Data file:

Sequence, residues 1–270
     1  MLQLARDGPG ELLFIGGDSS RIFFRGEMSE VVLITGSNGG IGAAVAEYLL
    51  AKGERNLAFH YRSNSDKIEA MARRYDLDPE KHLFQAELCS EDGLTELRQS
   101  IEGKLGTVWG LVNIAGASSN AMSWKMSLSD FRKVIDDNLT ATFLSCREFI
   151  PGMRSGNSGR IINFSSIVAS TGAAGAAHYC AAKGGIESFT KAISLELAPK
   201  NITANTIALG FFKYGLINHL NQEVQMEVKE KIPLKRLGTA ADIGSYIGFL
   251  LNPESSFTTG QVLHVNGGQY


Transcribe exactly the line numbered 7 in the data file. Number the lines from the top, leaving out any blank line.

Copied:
   251  LNPESSFTTG QVLHVNGGQY